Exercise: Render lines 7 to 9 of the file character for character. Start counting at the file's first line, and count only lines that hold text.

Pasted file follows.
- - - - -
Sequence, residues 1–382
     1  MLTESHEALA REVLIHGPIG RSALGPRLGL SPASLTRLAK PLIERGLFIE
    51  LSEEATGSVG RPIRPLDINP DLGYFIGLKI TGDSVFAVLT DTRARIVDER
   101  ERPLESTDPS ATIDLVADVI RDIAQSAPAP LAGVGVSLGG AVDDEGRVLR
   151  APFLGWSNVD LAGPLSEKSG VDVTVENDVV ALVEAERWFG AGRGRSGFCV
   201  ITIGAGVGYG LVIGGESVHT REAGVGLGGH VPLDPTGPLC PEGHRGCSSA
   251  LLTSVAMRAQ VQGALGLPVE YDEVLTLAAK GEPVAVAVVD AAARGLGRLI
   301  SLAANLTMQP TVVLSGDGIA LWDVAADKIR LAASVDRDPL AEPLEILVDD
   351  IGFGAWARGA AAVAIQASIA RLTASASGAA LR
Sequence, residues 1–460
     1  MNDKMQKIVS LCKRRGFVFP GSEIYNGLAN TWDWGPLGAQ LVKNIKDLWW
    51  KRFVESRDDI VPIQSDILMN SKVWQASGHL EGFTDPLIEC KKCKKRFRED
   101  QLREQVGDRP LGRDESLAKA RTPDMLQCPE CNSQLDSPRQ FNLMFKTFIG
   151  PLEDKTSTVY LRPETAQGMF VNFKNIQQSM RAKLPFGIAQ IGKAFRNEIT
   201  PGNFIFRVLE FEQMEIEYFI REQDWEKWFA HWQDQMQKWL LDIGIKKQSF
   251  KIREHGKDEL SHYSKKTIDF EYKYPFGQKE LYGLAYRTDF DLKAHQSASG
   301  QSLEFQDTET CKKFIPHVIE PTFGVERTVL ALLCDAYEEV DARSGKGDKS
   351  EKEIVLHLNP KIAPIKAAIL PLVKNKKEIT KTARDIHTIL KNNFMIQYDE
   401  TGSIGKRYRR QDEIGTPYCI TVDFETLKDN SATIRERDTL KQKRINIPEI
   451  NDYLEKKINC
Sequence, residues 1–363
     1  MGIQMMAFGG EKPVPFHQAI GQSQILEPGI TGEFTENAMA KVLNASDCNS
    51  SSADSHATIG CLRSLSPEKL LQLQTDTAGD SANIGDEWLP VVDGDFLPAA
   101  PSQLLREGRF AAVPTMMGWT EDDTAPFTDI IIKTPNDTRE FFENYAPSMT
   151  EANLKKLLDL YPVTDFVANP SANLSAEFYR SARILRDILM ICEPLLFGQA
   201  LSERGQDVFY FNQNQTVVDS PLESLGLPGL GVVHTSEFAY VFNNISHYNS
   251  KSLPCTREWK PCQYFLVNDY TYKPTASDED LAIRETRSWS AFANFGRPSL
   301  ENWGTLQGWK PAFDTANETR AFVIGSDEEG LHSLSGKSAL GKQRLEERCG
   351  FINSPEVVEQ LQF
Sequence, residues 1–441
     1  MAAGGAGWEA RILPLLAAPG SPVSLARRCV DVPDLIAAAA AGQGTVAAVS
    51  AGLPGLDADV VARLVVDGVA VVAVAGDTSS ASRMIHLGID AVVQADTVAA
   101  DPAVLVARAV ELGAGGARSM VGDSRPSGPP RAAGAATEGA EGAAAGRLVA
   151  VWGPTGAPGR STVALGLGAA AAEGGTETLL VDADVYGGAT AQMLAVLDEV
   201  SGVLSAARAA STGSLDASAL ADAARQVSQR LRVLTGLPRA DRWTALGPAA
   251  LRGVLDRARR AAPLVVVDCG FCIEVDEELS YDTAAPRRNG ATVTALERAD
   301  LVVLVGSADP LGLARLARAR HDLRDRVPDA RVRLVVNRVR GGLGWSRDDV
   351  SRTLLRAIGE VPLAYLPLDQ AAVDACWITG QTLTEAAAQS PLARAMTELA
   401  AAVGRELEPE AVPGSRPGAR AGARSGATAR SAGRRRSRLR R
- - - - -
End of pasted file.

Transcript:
   251  LLTSVAMRAQ VQGALGLPVE YDEVLTLAAK GEPVAVAVVD AAARGLGRLI
   301  SLAANLTMQP TVVLSGDGIA LWDVAADKIR LAASVDRDPL AEPLEILVDD
   351  IGFGAWARGA AAVAIQASIA RLTASASGAA LR